"Neither [the opinion nor the dissent] appealed to its views of optimal social policy or what the statute ‘should be,’" Gorsuch said. "Their dispute focused instead on grammar, language, and statutory structure and on what a reasonable reader in the past would have taken the statute to mean — on what ‘the words on the paper say.’"

Of course, many cases before the Supreme Court do not reduce to such issues. Many legal scholars would argue that interpreting the law often involves invoking controversial moral or political principles or "filling in the gaps" in places where the textual and common law is unclear or incomplete, and skeptics of strict textualism in particular argue that this approach is incapable of dealing with such "hard cases." This dispute becomes especially heated around constitutional interpretation, given that provisions like the Equal Protection and Due Process clauses arguably invoke moral concepts whose meaning changes and evolves along with society.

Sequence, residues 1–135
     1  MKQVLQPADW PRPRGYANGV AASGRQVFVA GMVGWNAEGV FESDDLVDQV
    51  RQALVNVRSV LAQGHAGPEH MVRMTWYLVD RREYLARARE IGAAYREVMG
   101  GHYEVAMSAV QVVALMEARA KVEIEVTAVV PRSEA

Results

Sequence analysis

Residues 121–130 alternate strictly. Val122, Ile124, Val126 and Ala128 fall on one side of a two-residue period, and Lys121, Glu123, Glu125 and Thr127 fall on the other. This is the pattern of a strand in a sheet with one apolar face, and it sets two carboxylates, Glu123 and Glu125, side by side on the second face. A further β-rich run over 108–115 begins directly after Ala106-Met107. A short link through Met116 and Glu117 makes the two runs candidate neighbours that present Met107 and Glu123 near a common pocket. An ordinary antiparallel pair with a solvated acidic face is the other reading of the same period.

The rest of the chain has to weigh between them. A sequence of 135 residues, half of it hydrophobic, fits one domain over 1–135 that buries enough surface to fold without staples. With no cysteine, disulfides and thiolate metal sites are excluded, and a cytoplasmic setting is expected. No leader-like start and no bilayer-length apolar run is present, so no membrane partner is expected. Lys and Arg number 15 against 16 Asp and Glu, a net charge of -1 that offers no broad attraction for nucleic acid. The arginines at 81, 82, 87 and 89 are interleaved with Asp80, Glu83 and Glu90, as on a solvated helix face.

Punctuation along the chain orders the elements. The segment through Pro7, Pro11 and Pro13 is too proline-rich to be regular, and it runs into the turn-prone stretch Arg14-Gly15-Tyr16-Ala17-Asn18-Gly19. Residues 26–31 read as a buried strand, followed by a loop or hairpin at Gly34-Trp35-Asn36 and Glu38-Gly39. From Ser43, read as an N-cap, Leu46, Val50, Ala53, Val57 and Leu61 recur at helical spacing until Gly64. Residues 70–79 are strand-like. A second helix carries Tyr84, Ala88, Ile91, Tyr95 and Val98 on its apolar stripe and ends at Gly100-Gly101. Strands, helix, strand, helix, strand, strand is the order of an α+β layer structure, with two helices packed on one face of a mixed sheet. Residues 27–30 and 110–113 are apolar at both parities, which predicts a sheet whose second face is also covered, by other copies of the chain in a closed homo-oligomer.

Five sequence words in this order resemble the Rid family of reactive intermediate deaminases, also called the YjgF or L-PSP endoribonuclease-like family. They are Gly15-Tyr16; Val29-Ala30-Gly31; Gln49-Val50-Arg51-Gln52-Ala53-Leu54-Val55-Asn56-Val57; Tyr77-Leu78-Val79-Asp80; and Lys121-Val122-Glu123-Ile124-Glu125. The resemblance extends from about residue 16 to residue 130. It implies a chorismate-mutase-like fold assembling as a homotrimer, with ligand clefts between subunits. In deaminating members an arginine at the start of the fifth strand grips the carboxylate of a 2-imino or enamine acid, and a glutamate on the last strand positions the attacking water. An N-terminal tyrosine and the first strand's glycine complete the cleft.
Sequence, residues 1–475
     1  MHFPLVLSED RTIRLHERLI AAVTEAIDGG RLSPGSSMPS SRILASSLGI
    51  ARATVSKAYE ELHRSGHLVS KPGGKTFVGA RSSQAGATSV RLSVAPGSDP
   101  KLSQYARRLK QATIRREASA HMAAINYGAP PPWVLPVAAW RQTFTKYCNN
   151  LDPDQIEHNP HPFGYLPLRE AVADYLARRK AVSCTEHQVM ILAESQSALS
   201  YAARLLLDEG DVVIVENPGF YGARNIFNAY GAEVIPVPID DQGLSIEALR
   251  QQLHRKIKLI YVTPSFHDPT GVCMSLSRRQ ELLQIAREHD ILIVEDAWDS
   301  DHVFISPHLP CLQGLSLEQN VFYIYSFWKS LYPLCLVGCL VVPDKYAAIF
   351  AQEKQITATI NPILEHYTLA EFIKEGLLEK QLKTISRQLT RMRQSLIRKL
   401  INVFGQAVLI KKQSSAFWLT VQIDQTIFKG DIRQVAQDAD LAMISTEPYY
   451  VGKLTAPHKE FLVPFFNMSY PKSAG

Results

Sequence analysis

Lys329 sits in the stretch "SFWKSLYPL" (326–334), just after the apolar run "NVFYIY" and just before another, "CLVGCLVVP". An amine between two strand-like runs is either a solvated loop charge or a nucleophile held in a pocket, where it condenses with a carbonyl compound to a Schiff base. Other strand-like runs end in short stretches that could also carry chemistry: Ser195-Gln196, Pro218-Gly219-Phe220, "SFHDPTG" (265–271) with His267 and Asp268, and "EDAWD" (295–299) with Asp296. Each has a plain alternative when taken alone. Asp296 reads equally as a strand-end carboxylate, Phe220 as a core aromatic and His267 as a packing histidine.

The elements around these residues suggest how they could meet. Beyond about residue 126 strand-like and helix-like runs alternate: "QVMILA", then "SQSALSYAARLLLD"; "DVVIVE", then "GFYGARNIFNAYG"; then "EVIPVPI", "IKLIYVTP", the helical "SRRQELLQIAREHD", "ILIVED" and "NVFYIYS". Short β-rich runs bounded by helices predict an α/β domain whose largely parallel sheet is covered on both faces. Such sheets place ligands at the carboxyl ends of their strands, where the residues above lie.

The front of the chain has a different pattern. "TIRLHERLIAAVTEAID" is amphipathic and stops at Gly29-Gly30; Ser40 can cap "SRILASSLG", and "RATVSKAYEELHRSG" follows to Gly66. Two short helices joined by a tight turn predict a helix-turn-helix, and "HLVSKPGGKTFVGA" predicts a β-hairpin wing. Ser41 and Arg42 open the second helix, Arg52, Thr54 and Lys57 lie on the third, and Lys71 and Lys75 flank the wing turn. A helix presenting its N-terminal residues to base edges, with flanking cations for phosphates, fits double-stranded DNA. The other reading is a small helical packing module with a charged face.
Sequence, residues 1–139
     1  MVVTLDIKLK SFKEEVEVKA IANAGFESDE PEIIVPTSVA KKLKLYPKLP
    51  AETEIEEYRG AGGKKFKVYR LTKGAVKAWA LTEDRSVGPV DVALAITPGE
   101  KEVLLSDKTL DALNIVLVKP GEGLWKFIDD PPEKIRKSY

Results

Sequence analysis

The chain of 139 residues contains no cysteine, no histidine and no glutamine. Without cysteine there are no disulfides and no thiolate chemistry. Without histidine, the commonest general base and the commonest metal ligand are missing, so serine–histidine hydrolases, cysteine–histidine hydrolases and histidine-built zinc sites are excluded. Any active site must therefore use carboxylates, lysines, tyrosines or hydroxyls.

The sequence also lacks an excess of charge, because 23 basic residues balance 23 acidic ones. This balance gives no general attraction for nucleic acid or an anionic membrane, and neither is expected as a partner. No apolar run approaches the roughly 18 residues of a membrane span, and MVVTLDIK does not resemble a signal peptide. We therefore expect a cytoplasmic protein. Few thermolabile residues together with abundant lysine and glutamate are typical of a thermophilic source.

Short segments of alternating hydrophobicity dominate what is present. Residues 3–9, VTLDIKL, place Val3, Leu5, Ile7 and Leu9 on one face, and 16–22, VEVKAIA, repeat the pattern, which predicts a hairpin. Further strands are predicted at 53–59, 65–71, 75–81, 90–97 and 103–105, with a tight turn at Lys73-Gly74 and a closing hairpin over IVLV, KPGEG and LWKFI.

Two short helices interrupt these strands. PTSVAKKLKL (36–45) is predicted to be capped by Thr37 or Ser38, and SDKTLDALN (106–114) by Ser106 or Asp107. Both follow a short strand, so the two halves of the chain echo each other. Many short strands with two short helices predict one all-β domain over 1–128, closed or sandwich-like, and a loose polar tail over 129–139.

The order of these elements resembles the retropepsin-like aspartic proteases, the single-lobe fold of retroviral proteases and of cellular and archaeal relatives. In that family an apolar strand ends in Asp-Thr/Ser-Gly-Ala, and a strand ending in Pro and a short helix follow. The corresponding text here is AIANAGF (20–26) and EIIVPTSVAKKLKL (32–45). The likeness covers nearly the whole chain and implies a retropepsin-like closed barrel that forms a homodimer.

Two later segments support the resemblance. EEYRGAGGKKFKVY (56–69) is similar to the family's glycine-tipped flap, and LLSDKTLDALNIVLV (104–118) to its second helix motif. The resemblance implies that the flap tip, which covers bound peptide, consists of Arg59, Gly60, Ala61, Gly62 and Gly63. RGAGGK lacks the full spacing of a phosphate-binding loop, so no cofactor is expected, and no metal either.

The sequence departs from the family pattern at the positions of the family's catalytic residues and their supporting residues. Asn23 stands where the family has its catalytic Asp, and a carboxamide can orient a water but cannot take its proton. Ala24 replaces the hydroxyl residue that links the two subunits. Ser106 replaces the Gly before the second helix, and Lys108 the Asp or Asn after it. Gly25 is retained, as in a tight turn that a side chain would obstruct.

Gorsuch presents a forceful argument that cases of indeterminacy are, in practice, quite rare. Supreme Court cases that don’t result in a unanimous decision account for only 0.014 percent of all federal court cases. This suggests, he argues, that 99.986 percent of cases do have a determinate, uncontroversial answer. This isn't an airtight argument — some of this is due to the Supreme Court's only being able to handle a finite workload, and also due to some parties to cases not having the resources to appeal — but it’s a good reminder that a large portion of the work of appellate and Supreme Court judges is on matters that don’t arouse public controversy.